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Jessica Sienkiewicz Goes Back to the Drawing Board to Care for Her Patients

Clinical Assistant uses artistic talents to improve patient experience

Jessica Sienkiewicz, Clinical Assistant, is part of the team that provides care to thousands of patients who come through the doors of the Emergency Department (ED) each year.  Using the tools of her trade - stretchers, thermometers, blood pressure and EKG machines, along with her skills and compassion, she strives to provide both quality care and an exceptional patient experience to those who turn to the ED in their time of need.

But it may with a paint brush and her talent as an artist that she makes the biggest mark.

Jessica’s art has helped to transform two Emergency Department treatment rooms, one in the main ED and the other in Fast Track into something extraordinary.  And, while both rooms were painted with children in mind, anyone who enjoys a bit of whimsy will be touched by this artist’s work.

“It all started when a mom, who was not happy with having to keep her child entertained while she waited for care, spoke up to our leadership. We decided that we would create a room for kids – a place that would include some toys, games, stuff like that,” she said.   

“I used to draw on a communication board for staff and people liked it so when this project came up, they asked if I would paint so I decided I would,” she explained  Most of Jessica’s artwork has been in wood and bronze sculpture and she love’s working in oil pastels. She had not done a lot painting before the project began.

The room renovation was the perfect opportunity to meld both her passions.  Jessica holds a bachelor’s of arts degree from SUNY Plattsburgh and she’s been working in health care since 2006. She was first a phlebotomist for the North Country Regional Blood Donor Center, a CVPH program and then in 2009, she joined the Emergency Department at a clinical assistant.

She believes that incorporating more art in the health care setting makes sense as it supports the organization’s commitment to providing great care to patients and supporting employees.  “Art in health care facilities has been shown to soothe patients and staff. It reduces pain and stress and produces a sense of calm,” she explained.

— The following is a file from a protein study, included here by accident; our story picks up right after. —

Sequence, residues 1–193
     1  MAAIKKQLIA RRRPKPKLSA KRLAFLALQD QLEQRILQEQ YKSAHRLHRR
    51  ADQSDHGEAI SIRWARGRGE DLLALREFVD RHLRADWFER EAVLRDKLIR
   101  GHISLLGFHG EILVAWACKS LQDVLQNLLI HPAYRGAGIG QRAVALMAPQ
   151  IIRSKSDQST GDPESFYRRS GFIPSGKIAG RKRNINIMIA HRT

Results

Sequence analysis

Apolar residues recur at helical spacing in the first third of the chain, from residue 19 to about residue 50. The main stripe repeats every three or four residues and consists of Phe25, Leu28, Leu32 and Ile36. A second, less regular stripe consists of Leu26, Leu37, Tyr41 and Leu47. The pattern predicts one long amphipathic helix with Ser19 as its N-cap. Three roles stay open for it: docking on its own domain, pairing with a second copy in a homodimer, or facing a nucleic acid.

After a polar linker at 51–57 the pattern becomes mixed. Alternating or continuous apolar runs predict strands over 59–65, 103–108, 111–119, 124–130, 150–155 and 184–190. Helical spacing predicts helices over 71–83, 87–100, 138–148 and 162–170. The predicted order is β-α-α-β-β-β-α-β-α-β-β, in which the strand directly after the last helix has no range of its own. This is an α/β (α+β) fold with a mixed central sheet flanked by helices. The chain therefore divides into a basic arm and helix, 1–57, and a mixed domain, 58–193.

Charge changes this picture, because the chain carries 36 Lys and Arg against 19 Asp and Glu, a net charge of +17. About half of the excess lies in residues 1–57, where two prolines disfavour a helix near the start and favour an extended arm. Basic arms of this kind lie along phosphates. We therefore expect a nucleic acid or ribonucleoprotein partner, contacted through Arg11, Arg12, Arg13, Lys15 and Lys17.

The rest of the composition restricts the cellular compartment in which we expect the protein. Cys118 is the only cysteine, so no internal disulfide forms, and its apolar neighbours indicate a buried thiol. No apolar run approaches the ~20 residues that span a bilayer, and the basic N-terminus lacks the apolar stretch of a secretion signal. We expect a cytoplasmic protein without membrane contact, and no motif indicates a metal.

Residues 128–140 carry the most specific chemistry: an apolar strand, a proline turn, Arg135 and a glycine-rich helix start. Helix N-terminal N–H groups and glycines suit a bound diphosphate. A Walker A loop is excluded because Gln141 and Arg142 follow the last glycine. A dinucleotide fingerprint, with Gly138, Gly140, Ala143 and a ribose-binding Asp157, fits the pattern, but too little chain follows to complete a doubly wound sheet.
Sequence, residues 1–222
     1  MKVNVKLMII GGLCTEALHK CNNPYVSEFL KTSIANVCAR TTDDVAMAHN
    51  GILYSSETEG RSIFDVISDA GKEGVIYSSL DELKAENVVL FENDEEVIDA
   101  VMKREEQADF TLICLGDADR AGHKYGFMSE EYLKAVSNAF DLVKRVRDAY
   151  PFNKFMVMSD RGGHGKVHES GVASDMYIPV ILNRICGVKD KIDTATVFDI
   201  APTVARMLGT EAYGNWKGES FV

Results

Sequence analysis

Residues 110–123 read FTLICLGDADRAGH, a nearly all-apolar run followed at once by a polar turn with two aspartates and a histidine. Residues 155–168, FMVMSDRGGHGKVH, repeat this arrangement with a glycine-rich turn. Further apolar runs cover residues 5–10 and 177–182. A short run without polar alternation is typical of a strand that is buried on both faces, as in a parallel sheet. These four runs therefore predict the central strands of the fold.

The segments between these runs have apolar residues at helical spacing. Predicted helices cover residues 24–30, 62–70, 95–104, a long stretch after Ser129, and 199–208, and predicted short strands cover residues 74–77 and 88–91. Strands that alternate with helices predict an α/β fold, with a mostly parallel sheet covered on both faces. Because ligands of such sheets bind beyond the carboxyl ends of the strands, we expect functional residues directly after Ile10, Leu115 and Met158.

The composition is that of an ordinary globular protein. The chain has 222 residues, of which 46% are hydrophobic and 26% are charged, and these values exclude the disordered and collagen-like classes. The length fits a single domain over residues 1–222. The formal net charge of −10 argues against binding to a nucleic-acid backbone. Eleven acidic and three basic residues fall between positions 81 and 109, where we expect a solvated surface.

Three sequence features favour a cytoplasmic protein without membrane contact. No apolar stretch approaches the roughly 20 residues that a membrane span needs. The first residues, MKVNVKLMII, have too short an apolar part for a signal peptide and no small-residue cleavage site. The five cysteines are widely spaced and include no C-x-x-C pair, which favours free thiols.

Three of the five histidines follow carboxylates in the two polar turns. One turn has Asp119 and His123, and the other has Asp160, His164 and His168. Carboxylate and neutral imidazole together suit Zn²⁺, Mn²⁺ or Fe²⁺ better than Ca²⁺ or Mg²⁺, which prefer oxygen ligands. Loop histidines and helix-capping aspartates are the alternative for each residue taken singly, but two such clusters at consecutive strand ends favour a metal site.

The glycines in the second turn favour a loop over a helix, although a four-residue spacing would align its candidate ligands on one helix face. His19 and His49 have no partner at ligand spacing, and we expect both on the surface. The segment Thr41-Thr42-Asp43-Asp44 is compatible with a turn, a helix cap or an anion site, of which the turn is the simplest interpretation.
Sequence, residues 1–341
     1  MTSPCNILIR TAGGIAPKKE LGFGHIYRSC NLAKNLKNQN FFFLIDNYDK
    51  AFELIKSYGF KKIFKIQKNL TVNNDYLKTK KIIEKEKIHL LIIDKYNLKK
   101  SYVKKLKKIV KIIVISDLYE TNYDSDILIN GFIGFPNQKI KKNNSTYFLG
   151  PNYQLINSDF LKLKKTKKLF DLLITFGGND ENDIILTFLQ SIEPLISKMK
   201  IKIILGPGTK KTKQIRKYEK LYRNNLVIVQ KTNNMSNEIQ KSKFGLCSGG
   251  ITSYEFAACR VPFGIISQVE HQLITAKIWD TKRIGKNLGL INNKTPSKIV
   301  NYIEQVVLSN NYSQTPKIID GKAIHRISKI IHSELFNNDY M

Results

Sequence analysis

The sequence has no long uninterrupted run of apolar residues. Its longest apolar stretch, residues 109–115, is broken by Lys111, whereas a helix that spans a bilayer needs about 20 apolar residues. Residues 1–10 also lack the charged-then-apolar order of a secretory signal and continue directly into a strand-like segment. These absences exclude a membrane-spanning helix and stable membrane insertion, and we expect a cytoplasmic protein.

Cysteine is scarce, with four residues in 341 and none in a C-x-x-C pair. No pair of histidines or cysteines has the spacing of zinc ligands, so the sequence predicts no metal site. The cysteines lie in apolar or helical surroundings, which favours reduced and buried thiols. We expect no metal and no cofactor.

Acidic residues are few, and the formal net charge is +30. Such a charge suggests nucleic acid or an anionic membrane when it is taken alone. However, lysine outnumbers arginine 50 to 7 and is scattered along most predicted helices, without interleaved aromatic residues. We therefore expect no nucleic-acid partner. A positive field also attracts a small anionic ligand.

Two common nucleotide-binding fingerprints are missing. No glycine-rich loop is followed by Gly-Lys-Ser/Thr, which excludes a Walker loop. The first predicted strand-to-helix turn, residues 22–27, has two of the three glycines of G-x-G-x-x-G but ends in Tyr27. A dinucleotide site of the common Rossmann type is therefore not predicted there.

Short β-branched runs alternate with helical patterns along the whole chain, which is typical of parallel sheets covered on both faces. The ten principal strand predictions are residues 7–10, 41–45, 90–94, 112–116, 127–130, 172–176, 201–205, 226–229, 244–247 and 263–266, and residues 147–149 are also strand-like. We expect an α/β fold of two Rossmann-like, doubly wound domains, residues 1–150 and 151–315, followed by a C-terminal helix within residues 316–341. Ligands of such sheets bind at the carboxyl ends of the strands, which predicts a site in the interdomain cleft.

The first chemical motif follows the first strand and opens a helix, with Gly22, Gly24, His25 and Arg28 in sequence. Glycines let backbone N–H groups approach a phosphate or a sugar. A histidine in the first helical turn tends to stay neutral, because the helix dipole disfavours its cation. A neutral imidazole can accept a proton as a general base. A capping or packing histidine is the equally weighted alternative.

Room 16 in the main Emergency Department was the first room the team tackled. It features an Adirondack theme complete with a lake, birds, mountains and trees.  Wooden toys created by another local artist were donated along with toys from a local mothers’ group. A video game console and other electronics were donated by CVPH employees.  It took some time to complete, as Jessica painted when she could, but the team was pleased with the results and they asked her do another room – this time in Fast Track. 

There she offers patients and their families a view of life on the farm, complete with a napping cat and some mice helping themselves to an apple core lunch.  Patients in that room are looking through barn windows at pastures and fields and there are toys and games to help pass the time   

The artwork in both rooms includes carefully hidden hearts. 

 The reviews of her work from patients and staff have been outstanding. “One physician told me it made our work area seem more human. It was the best compliment I have ever received about my art.”

 “I think the true purpose of art is to help take your mind somewhere else; it gives us the ability and the opportunity to be in another place,” Jessica explained. I tried to offer that, even it is just for a little while,” she explained.